Part of the ’94 teams’ lack of success was playing in a extremely-difficult division. The Expos had the best record in the entire league (74-40), while Atlanta was 22 games over .500. That year, Montreal ranked second in batting average (.278) and on-base percentage (.343), while their pitching staff ranked atop the league in ERA, at .356- and they had six total All-Stars on the NL All-Star team. Meanwhile, Atlanta’s ace Greg Maddux led the league in ERA, with an eye-popping 1.56 mark, wins (16), complete games (10), innings pitched (202), and went on to win the NL Cy Young Award.

They were also marred by significant injuries to starters, which was another huge factor in their lack of success.


Among National League teams that year, the Phillies ranked third worst in fielding percentage (.980) and fourth in errors (94). Shortstop Kevin Stocker ranked fourth that season in errors, with 16, while the team was dead last in assists, with 1,144.


Despite the superior NL East, and the amount of injuries sustained to starting players, Phillies’ manager Jim Fregosi managed a decent team. Their Pythagorean record, which bases a team’s record/winning percentage based on their runs for vs. runs against, was 60-55, which means a significant amount of their losses were close ones. 10 times they scored 10 or more runs, including 13 on two occasions, meanwhile, out of their 61 losses, 41 of them were by three runs or fewer (67%).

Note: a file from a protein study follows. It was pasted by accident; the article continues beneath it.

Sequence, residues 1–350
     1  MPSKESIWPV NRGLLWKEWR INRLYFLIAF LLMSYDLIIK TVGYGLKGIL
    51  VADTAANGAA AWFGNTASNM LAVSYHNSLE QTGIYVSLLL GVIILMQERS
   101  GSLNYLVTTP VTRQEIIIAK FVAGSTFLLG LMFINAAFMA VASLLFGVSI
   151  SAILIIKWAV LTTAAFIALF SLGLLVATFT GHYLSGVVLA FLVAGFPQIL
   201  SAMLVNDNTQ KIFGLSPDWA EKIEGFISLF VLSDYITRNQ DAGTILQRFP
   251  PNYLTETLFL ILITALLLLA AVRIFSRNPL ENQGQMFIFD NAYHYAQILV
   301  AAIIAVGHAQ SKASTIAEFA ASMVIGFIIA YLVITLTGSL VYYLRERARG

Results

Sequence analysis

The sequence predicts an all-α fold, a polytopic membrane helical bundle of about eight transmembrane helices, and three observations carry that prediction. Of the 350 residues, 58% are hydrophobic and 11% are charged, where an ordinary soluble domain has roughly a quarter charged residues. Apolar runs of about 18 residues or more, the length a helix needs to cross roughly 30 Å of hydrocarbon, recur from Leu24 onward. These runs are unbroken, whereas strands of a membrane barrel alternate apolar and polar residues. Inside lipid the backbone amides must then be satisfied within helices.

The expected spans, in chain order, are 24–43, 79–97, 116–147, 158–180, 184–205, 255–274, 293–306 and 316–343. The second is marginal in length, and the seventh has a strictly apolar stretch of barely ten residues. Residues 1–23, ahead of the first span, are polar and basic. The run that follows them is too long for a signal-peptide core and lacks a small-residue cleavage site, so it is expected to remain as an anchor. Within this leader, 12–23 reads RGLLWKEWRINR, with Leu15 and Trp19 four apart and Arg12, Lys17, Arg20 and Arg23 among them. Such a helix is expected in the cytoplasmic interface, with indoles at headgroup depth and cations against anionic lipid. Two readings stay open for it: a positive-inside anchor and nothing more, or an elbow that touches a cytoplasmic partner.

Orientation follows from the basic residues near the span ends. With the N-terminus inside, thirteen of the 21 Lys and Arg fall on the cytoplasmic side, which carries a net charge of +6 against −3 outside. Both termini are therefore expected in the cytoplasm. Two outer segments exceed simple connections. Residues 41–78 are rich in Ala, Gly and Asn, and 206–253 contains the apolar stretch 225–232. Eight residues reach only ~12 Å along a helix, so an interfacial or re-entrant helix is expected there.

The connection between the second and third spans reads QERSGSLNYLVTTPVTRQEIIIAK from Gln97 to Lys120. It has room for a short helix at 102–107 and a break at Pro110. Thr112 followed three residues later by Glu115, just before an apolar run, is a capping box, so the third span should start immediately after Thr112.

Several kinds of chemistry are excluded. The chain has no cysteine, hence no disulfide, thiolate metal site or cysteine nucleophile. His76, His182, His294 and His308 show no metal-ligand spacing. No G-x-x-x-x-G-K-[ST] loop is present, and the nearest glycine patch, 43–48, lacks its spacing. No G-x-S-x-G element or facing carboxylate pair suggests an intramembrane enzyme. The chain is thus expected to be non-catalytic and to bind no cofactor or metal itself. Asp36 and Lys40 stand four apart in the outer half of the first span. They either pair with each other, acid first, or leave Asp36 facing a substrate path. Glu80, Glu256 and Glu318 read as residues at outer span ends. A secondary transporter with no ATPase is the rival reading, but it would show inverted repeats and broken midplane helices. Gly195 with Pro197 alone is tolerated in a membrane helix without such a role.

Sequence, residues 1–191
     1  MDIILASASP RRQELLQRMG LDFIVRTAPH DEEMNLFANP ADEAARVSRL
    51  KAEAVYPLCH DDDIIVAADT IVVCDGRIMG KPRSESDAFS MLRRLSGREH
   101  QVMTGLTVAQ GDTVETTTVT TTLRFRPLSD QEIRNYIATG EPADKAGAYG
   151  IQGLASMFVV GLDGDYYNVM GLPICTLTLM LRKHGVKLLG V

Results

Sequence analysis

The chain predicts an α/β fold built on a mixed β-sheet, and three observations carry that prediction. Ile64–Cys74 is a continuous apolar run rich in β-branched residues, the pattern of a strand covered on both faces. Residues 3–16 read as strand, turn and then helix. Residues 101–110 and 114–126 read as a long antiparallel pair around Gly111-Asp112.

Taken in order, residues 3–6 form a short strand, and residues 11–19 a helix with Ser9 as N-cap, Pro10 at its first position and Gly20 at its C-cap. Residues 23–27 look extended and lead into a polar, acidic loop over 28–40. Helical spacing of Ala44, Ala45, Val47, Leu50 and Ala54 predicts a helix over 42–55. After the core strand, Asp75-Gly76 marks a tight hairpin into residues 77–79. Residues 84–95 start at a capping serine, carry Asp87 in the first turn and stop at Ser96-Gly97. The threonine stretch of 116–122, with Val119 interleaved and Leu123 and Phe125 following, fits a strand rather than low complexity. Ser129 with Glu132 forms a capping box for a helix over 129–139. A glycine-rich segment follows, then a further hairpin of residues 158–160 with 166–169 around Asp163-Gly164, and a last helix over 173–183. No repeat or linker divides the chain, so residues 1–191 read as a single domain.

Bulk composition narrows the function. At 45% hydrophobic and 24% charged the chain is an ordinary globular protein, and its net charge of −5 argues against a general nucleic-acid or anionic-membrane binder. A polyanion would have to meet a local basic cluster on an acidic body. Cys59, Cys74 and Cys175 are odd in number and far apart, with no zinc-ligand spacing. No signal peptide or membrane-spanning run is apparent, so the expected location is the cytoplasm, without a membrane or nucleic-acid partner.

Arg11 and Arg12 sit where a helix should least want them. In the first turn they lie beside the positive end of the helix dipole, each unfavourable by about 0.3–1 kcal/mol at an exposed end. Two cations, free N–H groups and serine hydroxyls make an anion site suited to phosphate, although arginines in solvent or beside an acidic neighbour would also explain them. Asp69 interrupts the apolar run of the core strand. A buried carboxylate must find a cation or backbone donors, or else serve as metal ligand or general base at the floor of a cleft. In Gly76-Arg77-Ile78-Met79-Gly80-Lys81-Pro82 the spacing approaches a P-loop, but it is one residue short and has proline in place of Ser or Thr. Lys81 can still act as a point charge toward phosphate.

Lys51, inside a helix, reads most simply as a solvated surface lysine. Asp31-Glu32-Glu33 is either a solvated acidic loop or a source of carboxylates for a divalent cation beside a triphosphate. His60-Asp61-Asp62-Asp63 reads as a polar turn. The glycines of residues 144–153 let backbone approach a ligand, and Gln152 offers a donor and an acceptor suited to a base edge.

It’s worth noting that, despite a rocky postseason the previous year, Fregosi still elected in the ’93 World Series to stick with closer Mitch Williams. This proves his decision making wasn’t exactly the best, but then again, he also had a solid lineup backing him up.

In MLB’s first year of the wild-card era, despite — due to a strike — the cancelling of the rest of the season + the World Series, the Phillies still finished 14.5 games back of the best second-place team (Atlanta). It would’ve been very interesting, assuming the season played out, to see how the team would’ve fared with a fully healthy team. Although a few starters remained with the team the following season(s), the team got worse and worse, due to age, dismantling of the team, plus being in a very solid division (Atlanta won the WS the following year, while Florida won it two years after that).

Overall, putting it lightly, the Phillies had a very disappointing year. Their 1993 postseason appearance, and series win, didn’t happen again unti 2007, and their first postseason series win since ’93 didn’t occur until their World Series championship in ’08. After the ’93 World Series appearance, many fans, rightfully so, expected continued success from ’94 onward

Tags: , , , , , , , , ,

Comments are closed.